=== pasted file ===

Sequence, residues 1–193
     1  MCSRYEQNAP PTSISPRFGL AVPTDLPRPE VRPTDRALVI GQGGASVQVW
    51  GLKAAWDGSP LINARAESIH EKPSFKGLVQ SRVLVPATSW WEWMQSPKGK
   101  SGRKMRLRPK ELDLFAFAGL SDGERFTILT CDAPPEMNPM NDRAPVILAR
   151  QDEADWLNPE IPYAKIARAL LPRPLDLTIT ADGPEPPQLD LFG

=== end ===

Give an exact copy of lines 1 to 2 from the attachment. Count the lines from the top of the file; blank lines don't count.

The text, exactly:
Sequence, residues 1–193
     1  MCSRYEQNAP PTSISPRFGL AVPTDLPRPE VRPTDRALVI GQGGASVQVW